Y: Don, would you like a cup of coffee?
D: Yes, I would. Thank you, Yaël.
Y: You know, Don, people really shouldn’t like the bitter taste of coffee.
D: Why do you say that?
Y: Because scientists think that animals evolved the ability to detect bitter tastes in order to avoid things that are harmful or even poisonous.
D: Could it be that people who like coffee are less sensitive to bitter tastes?
Y: That would make sense, but it turns out that the opposite is true. In 2018 an international team of researchers reported that people who are more sensitive to the bitter taste of caffeine actually tend to drink more coffee. The scientists used a large genetic database with data from more than forty thousand people. They studied three different genetic variants known to cause sensitivity to three different kinds of bitter substances: quinine, propylthiouracil, and caffeine. A questionnaire survey indicated that the people with the genetic variant that made them sensitive to the bitterness of caffeine were more likely to drink more coffee.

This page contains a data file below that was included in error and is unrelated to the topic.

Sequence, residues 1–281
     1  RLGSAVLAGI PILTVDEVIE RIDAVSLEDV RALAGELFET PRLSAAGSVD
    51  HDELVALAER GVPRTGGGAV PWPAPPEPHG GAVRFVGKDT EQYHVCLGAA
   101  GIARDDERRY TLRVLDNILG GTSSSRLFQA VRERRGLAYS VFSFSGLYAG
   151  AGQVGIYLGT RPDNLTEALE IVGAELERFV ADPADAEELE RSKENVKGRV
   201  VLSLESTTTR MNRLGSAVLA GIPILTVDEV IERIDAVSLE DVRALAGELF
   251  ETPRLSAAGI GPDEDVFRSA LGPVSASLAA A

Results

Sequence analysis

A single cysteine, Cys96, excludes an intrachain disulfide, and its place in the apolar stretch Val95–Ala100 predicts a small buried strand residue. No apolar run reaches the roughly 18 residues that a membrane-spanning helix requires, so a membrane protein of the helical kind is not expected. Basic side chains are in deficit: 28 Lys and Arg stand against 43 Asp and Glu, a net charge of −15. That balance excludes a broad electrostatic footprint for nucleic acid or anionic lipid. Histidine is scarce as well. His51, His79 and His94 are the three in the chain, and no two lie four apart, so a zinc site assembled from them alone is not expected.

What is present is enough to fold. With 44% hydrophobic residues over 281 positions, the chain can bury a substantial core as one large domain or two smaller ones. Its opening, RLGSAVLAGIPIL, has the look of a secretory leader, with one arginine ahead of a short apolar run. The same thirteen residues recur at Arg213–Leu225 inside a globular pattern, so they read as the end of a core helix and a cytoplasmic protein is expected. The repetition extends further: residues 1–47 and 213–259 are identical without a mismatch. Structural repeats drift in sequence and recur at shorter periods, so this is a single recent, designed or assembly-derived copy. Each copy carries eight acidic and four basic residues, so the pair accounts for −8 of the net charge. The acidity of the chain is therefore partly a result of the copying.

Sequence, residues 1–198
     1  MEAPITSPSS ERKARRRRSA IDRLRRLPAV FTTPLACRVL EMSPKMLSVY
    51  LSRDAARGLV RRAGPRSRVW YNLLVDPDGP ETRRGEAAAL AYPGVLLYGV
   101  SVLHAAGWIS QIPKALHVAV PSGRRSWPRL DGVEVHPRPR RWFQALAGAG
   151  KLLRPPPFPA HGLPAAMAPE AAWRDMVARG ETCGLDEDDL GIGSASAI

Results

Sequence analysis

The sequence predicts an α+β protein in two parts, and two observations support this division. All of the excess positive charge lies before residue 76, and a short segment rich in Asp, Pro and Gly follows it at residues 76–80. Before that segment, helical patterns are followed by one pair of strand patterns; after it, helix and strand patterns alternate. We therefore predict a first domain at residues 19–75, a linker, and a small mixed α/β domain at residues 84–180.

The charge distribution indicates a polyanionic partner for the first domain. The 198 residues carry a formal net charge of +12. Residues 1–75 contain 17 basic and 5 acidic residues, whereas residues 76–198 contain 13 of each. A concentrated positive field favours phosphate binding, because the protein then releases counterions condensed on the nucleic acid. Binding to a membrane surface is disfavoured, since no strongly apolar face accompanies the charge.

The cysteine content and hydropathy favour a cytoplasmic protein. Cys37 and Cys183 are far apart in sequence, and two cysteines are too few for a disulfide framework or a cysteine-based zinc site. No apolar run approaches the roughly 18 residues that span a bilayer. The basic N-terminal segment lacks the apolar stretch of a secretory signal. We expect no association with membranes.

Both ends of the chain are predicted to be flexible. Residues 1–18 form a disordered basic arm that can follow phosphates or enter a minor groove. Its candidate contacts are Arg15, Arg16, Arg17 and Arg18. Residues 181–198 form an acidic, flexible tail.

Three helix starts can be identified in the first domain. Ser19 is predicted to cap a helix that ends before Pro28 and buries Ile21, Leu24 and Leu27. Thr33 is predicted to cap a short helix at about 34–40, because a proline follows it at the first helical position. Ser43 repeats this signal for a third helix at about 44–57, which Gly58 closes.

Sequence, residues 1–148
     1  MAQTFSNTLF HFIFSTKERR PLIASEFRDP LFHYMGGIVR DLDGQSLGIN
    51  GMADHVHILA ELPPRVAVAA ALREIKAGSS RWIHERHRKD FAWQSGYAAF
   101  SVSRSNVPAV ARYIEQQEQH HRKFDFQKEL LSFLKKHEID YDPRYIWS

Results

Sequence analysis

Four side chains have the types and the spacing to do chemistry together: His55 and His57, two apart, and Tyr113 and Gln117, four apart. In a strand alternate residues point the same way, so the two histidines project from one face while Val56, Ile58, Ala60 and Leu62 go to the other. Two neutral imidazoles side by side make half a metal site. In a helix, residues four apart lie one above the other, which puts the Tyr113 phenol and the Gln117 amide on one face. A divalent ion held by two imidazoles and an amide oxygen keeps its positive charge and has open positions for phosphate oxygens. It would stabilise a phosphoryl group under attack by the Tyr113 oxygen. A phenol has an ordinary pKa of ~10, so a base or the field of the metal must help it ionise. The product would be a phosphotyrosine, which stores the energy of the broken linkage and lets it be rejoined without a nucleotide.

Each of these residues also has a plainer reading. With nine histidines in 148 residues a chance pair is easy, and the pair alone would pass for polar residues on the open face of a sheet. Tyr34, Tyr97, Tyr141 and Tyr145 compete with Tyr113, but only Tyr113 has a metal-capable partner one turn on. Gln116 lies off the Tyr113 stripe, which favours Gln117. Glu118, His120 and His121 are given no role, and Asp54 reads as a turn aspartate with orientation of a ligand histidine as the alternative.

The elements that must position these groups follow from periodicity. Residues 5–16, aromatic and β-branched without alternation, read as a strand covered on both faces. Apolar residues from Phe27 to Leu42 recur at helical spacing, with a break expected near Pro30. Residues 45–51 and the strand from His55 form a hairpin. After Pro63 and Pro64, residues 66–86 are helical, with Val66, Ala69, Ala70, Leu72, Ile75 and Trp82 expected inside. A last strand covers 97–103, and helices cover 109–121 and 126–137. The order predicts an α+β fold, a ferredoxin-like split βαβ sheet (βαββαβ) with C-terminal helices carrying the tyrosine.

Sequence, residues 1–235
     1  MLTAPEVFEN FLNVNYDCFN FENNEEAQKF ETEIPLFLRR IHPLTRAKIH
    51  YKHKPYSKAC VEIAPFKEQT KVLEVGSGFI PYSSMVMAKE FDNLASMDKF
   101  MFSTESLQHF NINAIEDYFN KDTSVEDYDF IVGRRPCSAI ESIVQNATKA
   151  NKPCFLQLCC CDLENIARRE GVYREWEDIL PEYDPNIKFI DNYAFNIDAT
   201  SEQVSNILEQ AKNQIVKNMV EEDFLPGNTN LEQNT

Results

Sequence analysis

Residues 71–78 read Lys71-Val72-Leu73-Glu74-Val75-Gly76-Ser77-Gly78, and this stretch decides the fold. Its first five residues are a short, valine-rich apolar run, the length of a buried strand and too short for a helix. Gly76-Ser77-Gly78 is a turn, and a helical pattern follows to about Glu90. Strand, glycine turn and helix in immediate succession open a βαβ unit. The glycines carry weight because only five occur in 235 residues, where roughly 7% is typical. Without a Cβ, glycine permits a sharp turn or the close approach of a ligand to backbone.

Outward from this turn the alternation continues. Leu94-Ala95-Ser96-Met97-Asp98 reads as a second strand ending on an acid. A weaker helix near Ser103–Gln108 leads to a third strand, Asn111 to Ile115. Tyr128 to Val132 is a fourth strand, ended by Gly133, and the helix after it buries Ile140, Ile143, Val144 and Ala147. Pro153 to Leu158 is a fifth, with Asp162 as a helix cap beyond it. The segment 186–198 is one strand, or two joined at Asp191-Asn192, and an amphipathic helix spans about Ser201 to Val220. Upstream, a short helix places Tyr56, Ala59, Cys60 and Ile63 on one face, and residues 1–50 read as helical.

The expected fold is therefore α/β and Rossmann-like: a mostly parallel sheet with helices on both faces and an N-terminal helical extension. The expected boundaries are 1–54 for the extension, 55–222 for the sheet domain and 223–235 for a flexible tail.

D: But Yaël, if sensitivity to bitter taste evolved to detect and avoid poison, then why would people who are more sensitive to the bitter taste of caffeine like coffee better?
Y: The scientists think that the explanation may involve learned conditioning. The idea is that people who are more sensitive to the bitter taste of caffeine can more easily learn to associate that taste with the pleasantly stimulating effects of caffeine. Caffeine is, after all, the most popular psychostimulant in the world. People learn to like the taste of coffee because they like the effects of caffeine.